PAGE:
Garry Wills, Augustine’s Confessions: A Biography, Lives of Great Religious Books (Princeton: Princeton University Press, 2011), 1–4:
How did Augustine write Confessions?
Well, in the strict sense, he didn’t—didn’t set words down on papyrus or parchment.
Augustine has been painted, by artists as great as Botticelli, Carpaccio, and Benozzo Gozzoli, seated at a desk and writing. He did not do that.
Oh, he undoubtedly wrote things like notes to himself, or lists of items, or instructions to individual brothers in his monastic community.
But the books, sermons, and letters that have come down to us were all dictated to scribes.
Even a book that feels as intimate as Confessions was spoken to several of the many scribes Augustine kept busy. That was the normal practice in antiquity. Even in prison, Saint Paul had a scribe on hand. Even when living as a hermit, Saint Jerome had teams of scribes. The population of ancient scribes was a vast one.
Writing was a complex and clumsy process. That was especially true in the classical period, when papyrus scrolls were used. One needed at least three hands to unroll the scroll on the left, to roll it up on the right, and to write a series of columns in the intermediate spaces.
Besides, even the mixing of the ink and trimming of the reed pens (quills arrived in the Middle Ages) had to be done while the scroll was held open at the spot reached by the scribe.
Since the rolls were written on one side only, they could run to great lengths, as much as thirty feet long.
Obviously, the author could not be doing all this and composing in his mind.
The only efficient way to function was for the author to dictate to a shorthand writer (tachygrapher), who took the text down on tablets of wax or wood.
Then this first scribe, with the help of assistants, would write the text on a scroll.
Other scribes would copy this text on other scrolls—the only way to duplicate a text in the age before printing presses.
A man would read slowly from the master text while a number of scribes created their own copies.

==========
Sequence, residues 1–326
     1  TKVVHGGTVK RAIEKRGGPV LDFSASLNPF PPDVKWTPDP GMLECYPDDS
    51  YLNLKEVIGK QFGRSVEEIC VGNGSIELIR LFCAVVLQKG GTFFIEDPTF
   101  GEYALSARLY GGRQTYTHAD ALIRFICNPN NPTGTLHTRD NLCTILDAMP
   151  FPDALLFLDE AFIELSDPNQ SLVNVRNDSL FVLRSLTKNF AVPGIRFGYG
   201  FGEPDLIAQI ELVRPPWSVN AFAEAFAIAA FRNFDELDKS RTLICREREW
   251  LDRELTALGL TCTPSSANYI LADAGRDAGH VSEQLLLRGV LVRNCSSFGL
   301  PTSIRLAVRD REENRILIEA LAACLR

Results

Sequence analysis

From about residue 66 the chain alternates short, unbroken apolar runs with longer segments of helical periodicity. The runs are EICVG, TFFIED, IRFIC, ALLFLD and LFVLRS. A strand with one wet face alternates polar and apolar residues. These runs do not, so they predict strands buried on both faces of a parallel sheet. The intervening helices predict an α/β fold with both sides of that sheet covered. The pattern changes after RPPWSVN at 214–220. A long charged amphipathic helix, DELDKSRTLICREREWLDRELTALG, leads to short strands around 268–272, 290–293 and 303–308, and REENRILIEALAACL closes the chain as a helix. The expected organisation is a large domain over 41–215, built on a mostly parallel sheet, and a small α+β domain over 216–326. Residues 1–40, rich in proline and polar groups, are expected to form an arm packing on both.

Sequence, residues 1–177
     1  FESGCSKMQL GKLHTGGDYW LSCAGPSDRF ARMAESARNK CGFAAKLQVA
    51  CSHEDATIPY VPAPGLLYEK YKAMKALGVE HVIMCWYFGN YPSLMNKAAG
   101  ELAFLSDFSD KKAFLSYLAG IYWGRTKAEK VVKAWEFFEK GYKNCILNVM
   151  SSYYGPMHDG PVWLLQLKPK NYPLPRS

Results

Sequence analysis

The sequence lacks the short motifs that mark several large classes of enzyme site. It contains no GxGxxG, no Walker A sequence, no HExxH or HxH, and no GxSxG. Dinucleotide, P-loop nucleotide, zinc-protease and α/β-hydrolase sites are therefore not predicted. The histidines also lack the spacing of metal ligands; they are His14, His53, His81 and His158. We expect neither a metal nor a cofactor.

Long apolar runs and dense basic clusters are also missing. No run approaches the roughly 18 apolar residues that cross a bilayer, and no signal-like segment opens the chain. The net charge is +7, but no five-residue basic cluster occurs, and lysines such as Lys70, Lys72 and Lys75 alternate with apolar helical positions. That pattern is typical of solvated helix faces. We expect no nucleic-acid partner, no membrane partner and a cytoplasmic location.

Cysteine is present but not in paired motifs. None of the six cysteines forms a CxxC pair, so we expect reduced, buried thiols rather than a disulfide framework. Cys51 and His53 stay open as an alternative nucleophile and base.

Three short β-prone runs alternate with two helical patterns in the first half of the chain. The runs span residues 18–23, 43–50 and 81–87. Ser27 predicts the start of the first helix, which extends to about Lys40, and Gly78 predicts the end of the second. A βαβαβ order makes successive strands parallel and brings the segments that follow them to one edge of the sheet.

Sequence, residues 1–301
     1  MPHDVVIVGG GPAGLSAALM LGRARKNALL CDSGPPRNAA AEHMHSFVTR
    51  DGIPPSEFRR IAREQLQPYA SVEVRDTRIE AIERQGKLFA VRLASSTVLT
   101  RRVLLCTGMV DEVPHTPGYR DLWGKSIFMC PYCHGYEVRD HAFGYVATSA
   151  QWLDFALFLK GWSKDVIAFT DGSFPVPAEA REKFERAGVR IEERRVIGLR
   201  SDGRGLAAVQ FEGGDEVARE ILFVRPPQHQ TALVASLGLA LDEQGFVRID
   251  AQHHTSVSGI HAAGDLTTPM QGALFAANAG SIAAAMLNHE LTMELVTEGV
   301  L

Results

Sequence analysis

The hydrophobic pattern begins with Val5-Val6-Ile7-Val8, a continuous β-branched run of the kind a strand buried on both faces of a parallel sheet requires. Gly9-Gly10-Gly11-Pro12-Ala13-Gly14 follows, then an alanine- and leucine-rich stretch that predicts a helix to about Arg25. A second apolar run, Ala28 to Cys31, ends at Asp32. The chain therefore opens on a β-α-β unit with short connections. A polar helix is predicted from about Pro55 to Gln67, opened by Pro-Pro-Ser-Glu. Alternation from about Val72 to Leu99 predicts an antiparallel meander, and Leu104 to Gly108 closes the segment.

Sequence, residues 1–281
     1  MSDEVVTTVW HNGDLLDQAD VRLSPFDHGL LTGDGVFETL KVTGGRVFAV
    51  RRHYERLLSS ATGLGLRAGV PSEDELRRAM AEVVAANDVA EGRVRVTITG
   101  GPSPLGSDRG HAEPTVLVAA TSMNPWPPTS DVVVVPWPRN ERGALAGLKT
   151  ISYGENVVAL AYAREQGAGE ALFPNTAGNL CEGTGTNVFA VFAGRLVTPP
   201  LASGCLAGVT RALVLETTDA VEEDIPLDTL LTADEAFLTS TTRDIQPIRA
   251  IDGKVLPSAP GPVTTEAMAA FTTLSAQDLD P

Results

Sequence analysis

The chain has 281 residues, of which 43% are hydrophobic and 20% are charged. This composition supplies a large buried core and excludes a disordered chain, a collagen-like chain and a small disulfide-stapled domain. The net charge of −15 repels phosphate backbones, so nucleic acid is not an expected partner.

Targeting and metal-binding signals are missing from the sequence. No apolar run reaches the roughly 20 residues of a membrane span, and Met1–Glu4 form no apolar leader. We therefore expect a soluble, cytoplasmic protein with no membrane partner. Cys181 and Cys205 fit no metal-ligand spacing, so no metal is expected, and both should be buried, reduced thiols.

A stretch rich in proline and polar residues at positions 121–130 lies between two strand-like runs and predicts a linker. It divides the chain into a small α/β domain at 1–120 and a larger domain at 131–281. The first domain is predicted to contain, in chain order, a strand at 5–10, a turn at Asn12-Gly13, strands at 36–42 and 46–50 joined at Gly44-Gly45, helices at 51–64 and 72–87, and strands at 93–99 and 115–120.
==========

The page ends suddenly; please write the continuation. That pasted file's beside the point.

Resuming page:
There was no need for these secondary scribes to decipher the first man’s shorthand signs. After he made the master copy, multiple facsimiles were needed. . . .
Writings, created with such labor, could be lost in transit where couriers were careless or in peril—Augustine’s first letter sent to Jerome did not reach him, causing endless later trouble. Books could easily disappear if there were not enough copies made or preserved. Even though Augustine kept his own archives in good order, his very first book is irretrievably lost.
Teams of scribes had to be kept at work all the time to bring a book into existence and keep it there. The Late Antique church historian Eusebius tells us that the church father Origen had seven tachygraphers and a horde of other scribes and calligraphers to replicate what the shorthand experts took down and wrote out (History of the Church 6.23).
The making of books was an expensive as well as laborious and time-consuming process.
One of the principal costs of Augustine’s episcopal establishment was the production of his many books. He wrote five million words that have come down to us, most of them after he became the bishop of Hippo. Isidore of Seville famously said that anyone who claims to have read all of Augustine must be a liar. In a recently discovered letter (Divjak 23-A), Augustine says that in less than three months he had dictated 6,000 lines of text—James O’Donnell suggests he made the count for payment to his scribes.
Besides all the scribal payments, there was the costly material of which books were made. To form double-ply sheets from the papyrus plant was labor intensive, from cutting to cross-laying to drying.
Even more difficult was the skinning, stretching, scraping, and drying of sheep or calf or goat skin to make parchment.
And copyists had to keep the sheet numbers in order if they wrote the text before the sheaves (quires) were bound into a codex.
Augustine had to be serviced by a literary industrial complex in order to produce the amazing number of his books.